Vitamin B12, also known as cobalamin, is an essential vitamin absorbed in the guts of mammals. Dogs and cats with gastrointestinal disease such as inflammatory bowel disease or gastrointestinal lymphoma, can have low levels of B12 because their guts are not absorbing the nutrients as they should. It's an important marker for normal gut health.
If your veterinarian suspects GI disease they may check the level of Vitamin B12 in your pets blood. If the levels are low your vet will recommend supplementing to help your pet feel better.
Check out the new page about Vitamin B12 and learn more about what it is, why it's important, and how to increase the Vitamin B12 levels in your pet.
DCM is Dilated Cardiomyopathy. It is a disease that causes the heart muscle to gradually get weaker and weaker. The inability of the heart to squeeze blood out well causes problems as the disease progresses.
How does this happen?
True DCM seems to be coded in the genetics of our beloved pets. The breeds that are diagnosed most commonly with DCM are large breeds including, Great Danes, Newfoundlands, and Irish wolfhounds. The top two however, are Boxers and Dobermans.
DCM shows itself in two phases
There is a lot of hype right now about grain free foods and heart disease in pets. We reached out to Ann, our nutrition and internal medicine small animal VTS author, for her prospective and she gave us the low down.
In July 2018, the Food and Drug Administration (FDA) issued a bulletin regarding a potential connection between diet and cases of canine Dilated Cardiomyopathy (DCM). Veterinary cardiologists had alerted the FDA of an increase in cases of DCM in breeds not typically genetically prone to this condition (1, 2).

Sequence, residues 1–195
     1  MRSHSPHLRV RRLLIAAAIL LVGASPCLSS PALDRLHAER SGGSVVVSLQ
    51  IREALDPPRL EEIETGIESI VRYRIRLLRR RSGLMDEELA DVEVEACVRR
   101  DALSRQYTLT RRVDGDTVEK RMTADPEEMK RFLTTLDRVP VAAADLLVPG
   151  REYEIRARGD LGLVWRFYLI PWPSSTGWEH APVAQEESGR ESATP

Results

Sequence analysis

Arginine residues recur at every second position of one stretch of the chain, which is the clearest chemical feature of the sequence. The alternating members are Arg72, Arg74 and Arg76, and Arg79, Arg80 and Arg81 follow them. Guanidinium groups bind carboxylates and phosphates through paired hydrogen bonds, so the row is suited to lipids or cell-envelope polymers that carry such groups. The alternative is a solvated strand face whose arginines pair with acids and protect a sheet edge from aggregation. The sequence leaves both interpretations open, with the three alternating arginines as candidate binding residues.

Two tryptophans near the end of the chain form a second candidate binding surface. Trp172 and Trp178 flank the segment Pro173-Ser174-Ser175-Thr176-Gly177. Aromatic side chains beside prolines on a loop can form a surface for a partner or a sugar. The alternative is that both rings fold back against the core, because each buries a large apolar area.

Dilated cardiomyopathy has been genetically linked to a number of breeds of dogs including Great Danes, Boxers, Newfoundland’s, Irish Wolfhounds, St. Bernard’s, and Doberman pinschers. Cardiologists were seeing an increase in non-typically breeds including mix-breed dogs and smaller dogs. (1)
Veterinary cardiologists were recently surveyed about cases of possible diet-associated DCM in dogs examined in the past 2 years. Information was provided for over 240 dogs. For dogs in which the breed was specified:
We're launching a new page on the website: Decoding a Pet Food Label
We're super excited to have Ann teach us how to decode a pet food label. These are not as straight forward as you may believe. Definitely a must read for those looking for just the right dog or cat food.
Ann Wortinger is an amazing veterinary technician with her VTS not only in small animal internal medicine, but also in emergency and critical care AND nutrition! Talk about a well rounded tech. We're honored to have her contribute to the website.
Let us know what you think!
Ready to Work Together?
You have successfully joined our subscriber list.
This website is NOT a substitute for veterinary care with a veterinarian. We recommend you follow the advice and treatment plan as prescribed by your veterinarian, and only after discussing anything found on this website with your veterinarian, with their approval, implementing advice found here.
Check us out on Facebook!